These examples offer a view into what the chip-scale era in timekeeping will look like. The SA.45s CSAC delivers the accuracy and stability of an atomic clock to portable applications for the first time — and does so within those applications’ severe limits on power, size, and weight. It is comparable to other atomic clocks and surpasses OCXOs and TCXOs by wide margins in initial
accuracy and aging.
Portable applications that had to settle for TCXO performance due to power constraints no longer must. Until the CSAC, the lowest-power atomic clock was Microsemi’s own SA.3xm series, with a
steady-state power of 5 W. The SA.45s uses 1/40th of that power. OCXOs offer better performance than TCXOs but are typically in the 1 W–2 W range. That limits their applications to those with large, heavy, and expensive batteries or where mission life is relatively short. Even then, they are a compromise when compared to a true atomic clock like the CSAC.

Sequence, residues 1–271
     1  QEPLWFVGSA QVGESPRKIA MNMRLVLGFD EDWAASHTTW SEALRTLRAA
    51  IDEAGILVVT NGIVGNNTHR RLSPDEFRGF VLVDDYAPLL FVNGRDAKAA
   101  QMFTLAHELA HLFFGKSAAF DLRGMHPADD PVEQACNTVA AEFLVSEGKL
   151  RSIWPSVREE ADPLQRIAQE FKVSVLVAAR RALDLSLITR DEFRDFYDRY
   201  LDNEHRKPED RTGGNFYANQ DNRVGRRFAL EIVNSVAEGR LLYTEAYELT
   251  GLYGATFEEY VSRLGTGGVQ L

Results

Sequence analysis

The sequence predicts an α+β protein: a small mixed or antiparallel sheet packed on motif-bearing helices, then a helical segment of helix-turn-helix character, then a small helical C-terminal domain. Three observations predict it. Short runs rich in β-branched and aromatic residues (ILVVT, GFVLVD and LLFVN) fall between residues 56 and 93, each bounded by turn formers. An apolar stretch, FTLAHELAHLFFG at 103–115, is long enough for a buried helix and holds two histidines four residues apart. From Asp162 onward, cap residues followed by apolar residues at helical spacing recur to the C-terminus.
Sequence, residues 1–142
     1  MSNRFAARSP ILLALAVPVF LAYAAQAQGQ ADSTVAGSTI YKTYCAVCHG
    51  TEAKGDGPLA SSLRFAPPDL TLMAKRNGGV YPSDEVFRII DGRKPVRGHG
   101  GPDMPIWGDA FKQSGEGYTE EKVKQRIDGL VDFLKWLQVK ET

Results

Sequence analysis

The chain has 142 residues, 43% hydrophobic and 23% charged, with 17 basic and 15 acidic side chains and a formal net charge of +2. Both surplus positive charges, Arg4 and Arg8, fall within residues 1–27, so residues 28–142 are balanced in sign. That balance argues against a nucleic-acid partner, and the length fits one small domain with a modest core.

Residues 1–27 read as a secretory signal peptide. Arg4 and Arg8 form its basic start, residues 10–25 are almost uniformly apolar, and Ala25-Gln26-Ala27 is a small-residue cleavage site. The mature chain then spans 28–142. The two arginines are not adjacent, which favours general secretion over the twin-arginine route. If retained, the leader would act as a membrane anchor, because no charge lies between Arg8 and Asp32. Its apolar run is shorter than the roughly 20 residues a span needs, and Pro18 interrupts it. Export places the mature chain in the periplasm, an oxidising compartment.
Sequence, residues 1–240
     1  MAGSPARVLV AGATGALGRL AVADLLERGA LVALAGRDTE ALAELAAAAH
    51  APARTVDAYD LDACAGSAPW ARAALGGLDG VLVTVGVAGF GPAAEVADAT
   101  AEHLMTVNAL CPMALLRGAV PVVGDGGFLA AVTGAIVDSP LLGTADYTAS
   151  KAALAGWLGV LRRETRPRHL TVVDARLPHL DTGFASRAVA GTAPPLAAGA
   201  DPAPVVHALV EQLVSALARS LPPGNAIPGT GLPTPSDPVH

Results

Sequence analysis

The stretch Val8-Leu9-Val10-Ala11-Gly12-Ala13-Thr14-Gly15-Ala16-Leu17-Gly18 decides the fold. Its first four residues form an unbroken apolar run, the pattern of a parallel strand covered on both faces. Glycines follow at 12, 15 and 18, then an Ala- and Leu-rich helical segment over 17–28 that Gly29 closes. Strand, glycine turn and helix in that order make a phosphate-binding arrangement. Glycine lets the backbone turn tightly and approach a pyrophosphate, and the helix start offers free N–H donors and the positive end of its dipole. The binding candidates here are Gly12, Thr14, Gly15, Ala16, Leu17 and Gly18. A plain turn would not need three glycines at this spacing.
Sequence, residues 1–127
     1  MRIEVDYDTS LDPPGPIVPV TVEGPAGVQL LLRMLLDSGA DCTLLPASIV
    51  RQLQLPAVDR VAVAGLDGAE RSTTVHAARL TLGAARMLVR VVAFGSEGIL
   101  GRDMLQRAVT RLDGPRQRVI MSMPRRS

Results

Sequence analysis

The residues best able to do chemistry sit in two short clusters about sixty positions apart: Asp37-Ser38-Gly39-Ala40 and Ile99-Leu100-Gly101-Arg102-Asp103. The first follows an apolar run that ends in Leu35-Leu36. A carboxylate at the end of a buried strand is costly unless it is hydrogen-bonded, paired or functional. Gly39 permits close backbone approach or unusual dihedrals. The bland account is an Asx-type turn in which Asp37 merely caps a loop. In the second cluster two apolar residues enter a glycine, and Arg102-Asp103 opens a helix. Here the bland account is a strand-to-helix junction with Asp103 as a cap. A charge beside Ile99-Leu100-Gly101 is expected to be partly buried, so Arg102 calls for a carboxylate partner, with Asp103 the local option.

Then there are size and weight issues, which are always critical in portable applications. The SA.45s is much smaller than any atomic clock (one-third the size of the SA.3xm series, the next smallest), and is generally smaller than the OCXOs that approach its performance. The unit height is especially critical in many applications, and the SA.45s is only 0.45 inches high.
Finally, perhaps the most critical point is availability. The CSAC is not a laboratory prototype. It provides autonomous, reliable operation in production quantities today. That means that when it comes to the next era in atomic timekeeping, the clock is already running.
Read more about Microsemi’s chip scale atomic clocks.
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